Today’s easy access to private details of a man’s history, the frenzy to publicize a religious leader’s slightest indiscretions on social media or to air them gleefully on talk shows and seminars, and the proliferation of divorce, not just in society at large, but in the Church itself, all argue for great caution in this area. To put it simply, even if I thought it was lawful to accept a remarried divorcé into office, I probably wouldn’t deem it expedient. If I were going to err, I’d opt for erring on the side of narrowness.
Even if the letter of Scripture does not exclude such a man from ministry, the spirit of Scripture, or wisdom in its application to most cases, may.
The high bar already set with the word “blameless” and the possibility that the NT’s teaching on divorce and remarriage even technically excludes such candidates from consideration may make it unwise to insist on the ordination of divorced men. God wants to use such men for His glory, but those who wish to be careful to give His Word the benefit of the doubt (rather than fellow-creatures) may well avoid selecting such men to be overseers.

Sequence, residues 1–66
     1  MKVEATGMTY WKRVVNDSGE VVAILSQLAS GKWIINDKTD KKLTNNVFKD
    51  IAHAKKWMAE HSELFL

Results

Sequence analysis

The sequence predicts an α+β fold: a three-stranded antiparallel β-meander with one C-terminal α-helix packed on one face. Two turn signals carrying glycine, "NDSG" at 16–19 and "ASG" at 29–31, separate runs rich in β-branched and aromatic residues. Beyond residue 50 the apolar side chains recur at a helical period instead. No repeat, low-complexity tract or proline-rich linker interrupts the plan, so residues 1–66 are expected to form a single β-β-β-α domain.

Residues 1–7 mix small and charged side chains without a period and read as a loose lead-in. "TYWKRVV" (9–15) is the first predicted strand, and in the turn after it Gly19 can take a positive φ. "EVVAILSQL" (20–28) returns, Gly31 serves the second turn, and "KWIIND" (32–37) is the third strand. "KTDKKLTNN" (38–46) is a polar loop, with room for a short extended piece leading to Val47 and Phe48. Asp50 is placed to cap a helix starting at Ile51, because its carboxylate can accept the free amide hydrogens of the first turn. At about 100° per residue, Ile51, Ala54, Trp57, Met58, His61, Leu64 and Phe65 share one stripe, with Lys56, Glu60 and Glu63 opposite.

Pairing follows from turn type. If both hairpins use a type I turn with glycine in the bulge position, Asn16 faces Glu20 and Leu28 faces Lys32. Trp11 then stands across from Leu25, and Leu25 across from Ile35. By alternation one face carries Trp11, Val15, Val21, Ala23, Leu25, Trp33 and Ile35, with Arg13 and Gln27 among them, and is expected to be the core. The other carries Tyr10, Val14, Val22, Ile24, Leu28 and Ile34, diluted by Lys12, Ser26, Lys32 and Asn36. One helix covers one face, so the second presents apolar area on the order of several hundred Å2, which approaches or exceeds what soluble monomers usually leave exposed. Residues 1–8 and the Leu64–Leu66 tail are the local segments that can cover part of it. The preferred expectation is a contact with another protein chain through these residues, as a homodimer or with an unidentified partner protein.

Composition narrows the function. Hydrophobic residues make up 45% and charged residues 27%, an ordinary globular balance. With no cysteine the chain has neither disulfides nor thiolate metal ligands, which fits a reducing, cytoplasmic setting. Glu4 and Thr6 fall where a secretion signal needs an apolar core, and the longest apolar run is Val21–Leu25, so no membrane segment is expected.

That widowers (including remarried widowers) are not excluded from the office is evident by a simple comparison with 1 Timothy 5, where a nearly identical phrase (ἑνὸς ἀνδρὸς γυνή, or a wife of one husband) is employed to describe the honorable widow. Since in the context of the discussion it is clear that widows are in view in chapter 5, then it stands to reason that the μιᾶς γυναικὸς ἄνδρα cannot exclude widowers in 3:2. Furthermore, the suggestion that this kind of phrase excludes those who have remarried after the loss of a spouse simply fails to square with Paul’s encouragement of younger widows to remarry in chapter 5. It doesn’t appear that a prohibition against remarried widows or widowers is at all in view. It seems unlikely that he would praise or mandate avoidance of remarriage in older widows, only to urge remarriage for younger widows (and thus, according to that kind of interpretation, disqualify them for potentially needed church support in their later years).